While maybe a moment or two raised an eyebrow, the first chapter of Platinum End was pretty great overall. It had a good main character, potential for where it can go, and a few surprising twists here and there, all brought to life with fantastic artwork. Now the question is, where will this manga go now that everything has been set up?
Platinum End #2 (Viz Media)
Drawn by: Takeshi Obata
Translated by: Stephen Paul
It’s been a few days since his aunt’s death and Mirai Kakehashi has been trying to deal with what has happened and figure out what to do with his life now that he has these potentially dangerous powers. His guardian angel, Nasse, has some interesting, yet questionable suggestions on what to do. Meanwhile, more of the chosen thirteen start to appear and they do not seem to be as moral as Mirari to say the least.
The focus of the second chapter is a combination of continuing to flesh out the rules of this story and building up our two leads. Throughout the first half and a bit more beyond that, Ohba puts out more details on the power that these wings and arrows have that the angels grant, such as what they can or cannot do (and even a mention of their weakness). The information is dealt out in pretty reasonable portions with beautifully drawn imagery rather than huge, filled-to-the-brim word balloons with lots of text and little to look at. Between that and a solid translation job from Stephen Paul, the exposition is handled very well in this comic and never drags down the pacing of the story.
The characterization of Mirai and Nasse is where the manga really succeeds above all else when it comes to the writing. We continue to watch Mirai grow and develop out of his depression and try to figure out what to do next with his life now that so much has changed. A lot of his sentiments and the things he says feel genuine. For instance, Nasse constantly tries to convince him to use his powers to gain the happiness she thinks he should have, but he flat out states that he simply just wants a normal life and normal happiness. Just a home, a good job, a good education, a good family. Something that he lost when his parents died and his reasoning (plus what we have seen or what has been inferred) makes a lot of sense and is believable. He has very normal and human reactions to a lot of things in general too and thus, feels very relatable. Where he goes from here will be very interesting to see play out.
I can’t help but think you are giving me bad job advice right now.
While ultimately not having the opportunity to draw anything as flashy as in first chapter (there are still a couple of interesting shots, especially in the opening nightmare sequence), Obata’s artwork is still wonderful looking overall. His layouts are excellent and well-crafted, laying everything out and using solid transitions to move each scene along. The characters look great and remain very expressive, helping with some of the more dramatic and heavier moments. The designs on the angels and angelic weapons look great and are really eye-catching (some of the angels look like a brighter counterpart to the Shinigamis from Death Note). Also nice is that creators toned down the fanservice from the last issue that felt out of place in scenes that were trying to be heavier or thoughtful. (Well… for the most part anyways.) It’s no longer distracting, and the scenes just feel more genuine and easier to take seriously.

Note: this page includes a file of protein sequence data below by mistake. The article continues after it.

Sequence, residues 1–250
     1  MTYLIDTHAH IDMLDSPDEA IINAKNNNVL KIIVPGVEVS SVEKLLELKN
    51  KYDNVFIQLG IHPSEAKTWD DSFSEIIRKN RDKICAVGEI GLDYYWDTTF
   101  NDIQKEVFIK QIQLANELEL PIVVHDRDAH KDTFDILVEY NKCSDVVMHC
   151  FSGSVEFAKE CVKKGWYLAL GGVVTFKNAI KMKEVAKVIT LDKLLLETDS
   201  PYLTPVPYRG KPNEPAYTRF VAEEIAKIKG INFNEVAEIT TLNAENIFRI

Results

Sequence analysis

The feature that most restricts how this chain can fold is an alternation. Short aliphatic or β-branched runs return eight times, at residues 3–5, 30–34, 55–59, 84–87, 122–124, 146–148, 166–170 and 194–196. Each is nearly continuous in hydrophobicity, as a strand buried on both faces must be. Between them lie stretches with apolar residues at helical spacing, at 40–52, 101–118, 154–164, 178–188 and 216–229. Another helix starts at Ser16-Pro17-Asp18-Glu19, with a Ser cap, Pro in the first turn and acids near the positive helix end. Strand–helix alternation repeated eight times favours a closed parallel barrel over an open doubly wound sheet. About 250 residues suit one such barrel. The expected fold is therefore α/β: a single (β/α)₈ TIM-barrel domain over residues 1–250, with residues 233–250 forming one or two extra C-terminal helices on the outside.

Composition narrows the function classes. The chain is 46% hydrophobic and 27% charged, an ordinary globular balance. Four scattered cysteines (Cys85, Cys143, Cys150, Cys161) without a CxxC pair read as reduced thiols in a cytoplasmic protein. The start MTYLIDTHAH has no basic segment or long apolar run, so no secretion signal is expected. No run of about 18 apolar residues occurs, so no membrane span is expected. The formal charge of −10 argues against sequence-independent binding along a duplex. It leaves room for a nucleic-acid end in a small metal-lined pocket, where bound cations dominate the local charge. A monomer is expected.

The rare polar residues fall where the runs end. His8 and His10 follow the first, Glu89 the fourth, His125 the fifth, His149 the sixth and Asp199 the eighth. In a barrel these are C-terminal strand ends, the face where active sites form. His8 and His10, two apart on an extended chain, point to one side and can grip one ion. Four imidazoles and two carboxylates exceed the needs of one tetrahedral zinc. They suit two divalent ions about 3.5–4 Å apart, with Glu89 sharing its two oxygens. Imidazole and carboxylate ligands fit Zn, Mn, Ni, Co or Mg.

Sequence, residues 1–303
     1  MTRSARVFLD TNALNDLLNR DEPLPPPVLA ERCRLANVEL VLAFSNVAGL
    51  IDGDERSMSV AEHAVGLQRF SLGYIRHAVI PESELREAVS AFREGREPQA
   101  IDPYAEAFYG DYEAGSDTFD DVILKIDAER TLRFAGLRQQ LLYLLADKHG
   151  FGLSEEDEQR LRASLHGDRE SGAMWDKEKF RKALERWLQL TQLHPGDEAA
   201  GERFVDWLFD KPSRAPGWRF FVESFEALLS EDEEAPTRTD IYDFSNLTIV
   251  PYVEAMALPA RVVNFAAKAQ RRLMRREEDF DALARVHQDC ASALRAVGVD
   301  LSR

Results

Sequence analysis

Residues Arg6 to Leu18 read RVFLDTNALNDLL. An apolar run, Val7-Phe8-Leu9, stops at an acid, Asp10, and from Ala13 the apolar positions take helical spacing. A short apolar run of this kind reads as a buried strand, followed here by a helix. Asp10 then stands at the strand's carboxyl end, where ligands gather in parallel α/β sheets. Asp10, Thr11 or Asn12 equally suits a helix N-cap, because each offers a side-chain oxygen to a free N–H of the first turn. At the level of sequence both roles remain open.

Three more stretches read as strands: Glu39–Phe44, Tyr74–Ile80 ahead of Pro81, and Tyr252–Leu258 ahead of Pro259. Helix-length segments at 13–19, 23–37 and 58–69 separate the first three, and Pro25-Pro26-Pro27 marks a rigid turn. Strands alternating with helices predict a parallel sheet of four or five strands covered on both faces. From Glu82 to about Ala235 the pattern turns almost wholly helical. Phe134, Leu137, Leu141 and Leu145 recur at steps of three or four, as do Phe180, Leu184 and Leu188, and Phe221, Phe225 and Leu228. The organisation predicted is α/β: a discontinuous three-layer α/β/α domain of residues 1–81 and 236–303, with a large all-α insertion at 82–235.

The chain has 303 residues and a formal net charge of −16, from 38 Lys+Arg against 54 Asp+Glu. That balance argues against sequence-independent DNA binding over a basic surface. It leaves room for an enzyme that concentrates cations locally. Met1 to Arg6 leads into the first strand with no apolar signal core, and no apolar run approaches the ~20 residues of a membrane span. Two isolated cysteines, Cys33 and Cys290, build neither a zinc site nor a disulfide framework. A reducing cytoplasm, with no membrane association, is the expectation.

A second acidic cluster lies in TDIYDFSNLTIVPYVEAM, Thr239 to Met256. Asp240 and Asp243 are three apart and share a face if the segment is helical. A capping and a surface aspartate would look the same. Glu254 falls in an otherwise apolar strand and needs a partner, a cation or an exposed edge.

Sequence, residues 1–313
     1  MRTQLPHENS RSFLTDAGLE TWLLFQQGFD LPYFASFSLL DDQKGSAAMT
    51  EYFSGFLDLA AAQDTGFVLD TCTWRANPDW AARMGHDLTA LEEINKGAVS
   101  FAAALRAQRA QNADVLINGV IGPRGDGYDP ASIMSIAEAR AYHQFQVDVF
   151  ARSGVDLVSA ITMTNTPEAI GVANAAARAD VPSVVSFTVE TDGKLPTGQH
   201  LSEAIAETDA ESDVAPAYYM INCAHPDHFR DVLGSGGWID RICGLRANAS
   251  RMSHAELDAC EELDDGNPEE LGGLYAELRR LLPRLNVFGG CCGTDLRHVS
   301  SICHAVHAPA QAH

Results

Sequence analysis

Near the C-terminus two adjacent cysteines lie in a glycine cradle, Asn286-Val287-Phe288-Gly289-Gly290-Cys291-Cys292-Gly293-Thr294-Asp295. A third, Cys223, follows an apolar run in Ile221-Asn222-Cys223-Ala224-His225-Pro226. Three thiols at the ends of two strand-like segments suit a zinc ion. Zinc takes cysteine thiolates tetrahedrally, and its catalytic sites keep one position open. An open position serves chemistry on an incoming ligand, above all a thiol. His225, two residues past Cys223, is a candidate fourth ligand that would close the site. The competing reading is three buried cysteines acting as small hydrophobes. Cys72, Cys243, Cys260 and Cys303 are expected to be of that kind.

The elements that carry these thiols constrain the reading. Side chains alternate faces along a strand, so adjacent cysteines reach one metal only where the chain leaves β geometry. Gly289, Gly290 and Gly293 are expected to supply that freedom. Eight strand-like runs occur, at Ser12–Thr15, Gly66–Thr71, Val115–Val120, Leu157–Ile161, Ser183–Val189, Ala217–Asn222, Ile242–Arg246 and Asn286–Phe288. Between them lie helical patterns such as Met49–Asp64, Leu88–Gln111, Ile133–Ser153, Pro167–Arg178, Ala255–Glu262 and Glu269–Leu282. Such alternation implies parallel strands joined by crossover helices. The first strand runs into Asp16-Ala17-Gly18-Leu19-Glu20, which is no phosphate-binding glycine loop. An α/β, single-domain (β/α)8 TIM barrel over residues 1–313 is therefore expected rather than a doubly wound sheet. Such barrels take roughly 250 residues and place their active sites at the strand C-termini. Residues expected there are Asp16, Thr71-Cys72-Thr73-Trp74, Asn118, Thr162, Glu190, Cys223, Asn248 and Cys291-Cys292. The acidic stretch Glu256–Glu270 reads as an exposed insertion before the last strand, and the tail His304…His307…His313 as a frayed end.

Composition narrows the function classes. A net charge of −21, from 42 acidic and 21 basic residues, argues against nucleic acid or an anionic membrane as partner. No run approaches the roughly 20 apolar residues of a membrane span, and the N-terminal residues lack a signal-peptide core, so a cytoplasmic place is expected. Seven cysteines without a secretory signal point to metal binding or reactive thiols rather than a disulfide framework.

While the manga put its focus into development and characterization, it fell a tad short in the story department. Outside of the very promising ending that looks like it’ll be adding some good conflict, not a whole lot happened. It didn’t have the punch of the first chapter nor was it that eventful, mostly focusing on more setup. If we didn’t have the surprises toward the end and the solid execution, the chapter would have felt very lacking. It’s more of a personal complaint, but that chapter as a whole may not end up being what you expect.
The other thing that felt questionable was a certain part of the manga. For those unaware, all manga companies put ratings on their series that will tell you what age it is appropriate for (sort of like the ratings for movies or video games). When the first chapter was released, the series was rated T+ for 16 and up. However, the second chapter has moved the series to a hard M for Mature/Adult audiences and it’s very earned. Towards the final third of the issue, there is an abrupt and sudden orgy-like scene where mind controlled women are rubbing their nude bodies (with actual nipples and not Barbie doll boobs like in other manga) over one of the chosen people. The whole scene is messy in its execution, where it just feels gratuitous and out of place with this sudden burst of sexual content. The scene could have easily been rewritten or redone without the sexual acts and nothing would have been lost, especially since the manga already did a fine enough job showing how ugly of a human being he was. Also, the art didn’t quite go far enough with showing how disturbingly creepy the situation really was, kind of depicting it in a lot of the panels as if there weren’t these horrible connotations in it.
Platinum End #2 is a good follow up to the first chapter of the series. While the rating went up and not much story happened, the characterization, most of the execution, and artwork were excellent. This is really shaping up to be quite the interesting series–much more mature and graphic than usual, but with mostly the same quality of writing and artwork you would expect. Ultimately, this is still very much worth your time.
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